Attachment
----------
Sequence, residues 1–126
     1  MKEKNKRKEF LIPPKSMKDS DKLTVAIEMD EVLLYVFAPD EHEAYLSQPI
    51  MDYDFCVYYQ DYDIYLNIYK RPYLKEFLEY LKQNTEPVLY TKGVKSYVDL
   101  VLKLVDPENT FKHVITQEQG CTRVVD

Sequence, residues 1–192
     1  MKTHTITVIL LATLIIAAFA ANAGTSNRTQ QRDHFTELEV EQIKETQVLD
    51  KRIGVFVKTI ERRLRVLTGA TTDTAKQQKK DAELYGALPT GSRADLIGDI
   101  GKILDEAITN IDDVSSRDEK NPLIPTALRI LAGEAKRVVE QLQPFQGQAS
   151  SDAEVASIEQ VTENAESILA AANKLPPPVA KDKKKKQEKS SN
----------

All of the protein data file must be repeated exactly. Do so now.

Sequence, residues 1–126
     1  MKEKNKRKEF LIPPKSMKDS DKLTVAIEMD EVLLYVFAPD EHEAYLSQPI
    51  MDYDFCVYYQ DYDIYLNIYK RPYLKEFLEY LKQNTEPVLY TKGVKSYVDL
   101  VLKLVDPENT FKHVITQEQG CTRVVD

Sequence, residues 1–192
     1  MKTHTITVIL LATLIIAAFA ANAGTSNRTQ QRDHFTELEV EQIKETQVLD
    51  KRIGVFVKTI ERRLRVLTGA TTDTAKQQKK DAELYGALPT GSRADLIGDI
   101  GKILDEAITN IDDVSSRDEK NPLIPTALRI LAGEAKRVVE QLQPFQGQAS
   151  SDAEVASIEQ VTENAESILA AANKLPPPVA KDKKKKQEKS SN